Scammers are using the Child Tax Credit as a new method to try to steal your personal or financial information. The scammer will pretend to be the IRS and even use a fake IRS website by posing as the IRS. and requesting information using the Child Tax Credit program as the pretense. They may use text messages, emails, phone calls, or social media to try to obtain your personal information. These criminals will advise you to complete a form to qualify for the tax credit. The form will require you to provide your personal information such as your social security number, date of birth, or banking information.
The IRS has sent about 5 million “math error notices” that neglected to inform people of their full legal rights, according to an update from the Taxpayer Advocate Service (TAS). The letters were sent to inform people of corrections the IRS made to their tax returns. However, the IRS did not inform taxpayers that they only have 60 days to dispute the error in question.
“Omission of this critical piece of information was beyond just bad customer service; it was a clear infringement of a taxpayer’s right to be informed and right to a fair and just tax system,” the TAS wrote in a blog post.
According to the TAS, the faulty letters were issued to people who claimed the Recovery Rebate Credit on their tax returns. The credit was for people who didn’t get their first or second stimulus checks, or the full amount they were allowed. The credit enabled them to claim missed amounts of stimulus on their returns and receive them as part of a tax refund. Many people were mistaken about the amount of stimulus they had previously received. Consequently, there were many returns with math errors.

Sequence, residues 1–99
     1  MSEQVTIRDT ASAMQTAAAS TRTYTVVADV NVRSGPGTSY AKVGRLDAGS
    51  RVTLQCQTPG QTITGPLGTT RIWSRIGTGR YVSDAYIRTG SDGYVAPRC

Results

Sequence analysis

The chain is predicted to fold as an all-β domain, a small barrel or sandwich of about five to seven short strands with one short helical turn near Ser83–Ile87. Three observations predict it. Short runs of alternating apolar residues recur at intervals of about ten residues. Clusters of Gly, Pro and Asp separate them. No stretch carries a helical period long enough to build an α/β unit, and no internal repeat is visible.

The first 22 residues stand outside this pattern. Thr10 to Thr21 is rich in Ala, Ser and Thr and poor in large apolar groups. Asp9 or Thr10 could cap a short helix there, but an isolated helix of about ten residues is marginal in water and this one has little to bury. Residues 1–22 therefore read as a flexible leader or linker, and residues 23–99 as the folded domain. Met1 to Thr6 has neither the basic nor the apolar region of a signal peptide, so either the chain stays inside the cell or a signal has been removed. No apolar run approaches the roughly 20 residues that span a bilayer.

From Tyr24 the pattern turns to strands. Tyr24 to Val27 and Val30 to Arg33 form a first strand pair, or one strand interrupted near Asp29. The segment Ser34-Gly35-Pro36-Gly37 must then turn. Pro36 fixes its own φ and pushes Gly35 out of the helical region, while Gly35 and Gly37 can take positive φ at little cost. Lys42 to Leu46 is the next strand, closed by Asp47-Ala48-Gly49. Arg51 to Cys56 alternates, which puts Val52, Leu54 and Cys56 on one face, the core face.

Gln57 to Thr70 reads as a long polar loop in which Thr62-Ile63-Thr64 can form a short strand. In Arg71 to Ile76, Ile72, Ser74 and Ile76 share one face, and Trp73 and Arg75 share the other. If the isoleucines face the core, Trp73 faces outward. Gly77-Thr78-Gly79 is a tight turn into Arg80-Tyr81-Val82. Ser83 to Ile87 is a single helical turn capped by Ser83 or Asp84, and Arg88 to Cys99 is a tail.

If you received a math error notice from the IRS, you have a right to dispute it within 60 days. An automatic abatement can be requested, during which time the IRS must reassess its correction. It’s extremely important that people are made aware of the 60-day window.
The notices sent regarding the math errors are either a CP11 Notice or a CP12 Notice. These notices do not even include the term “math error” on them. Consequently, they are confusing to many taxpayers.
Fortunately, the IRS is giving people who received a faulty letter more time to respond. According to the TAS, the IRS will send supplemental notices to affected taxpayers and start the 60-day window over again with the new notices.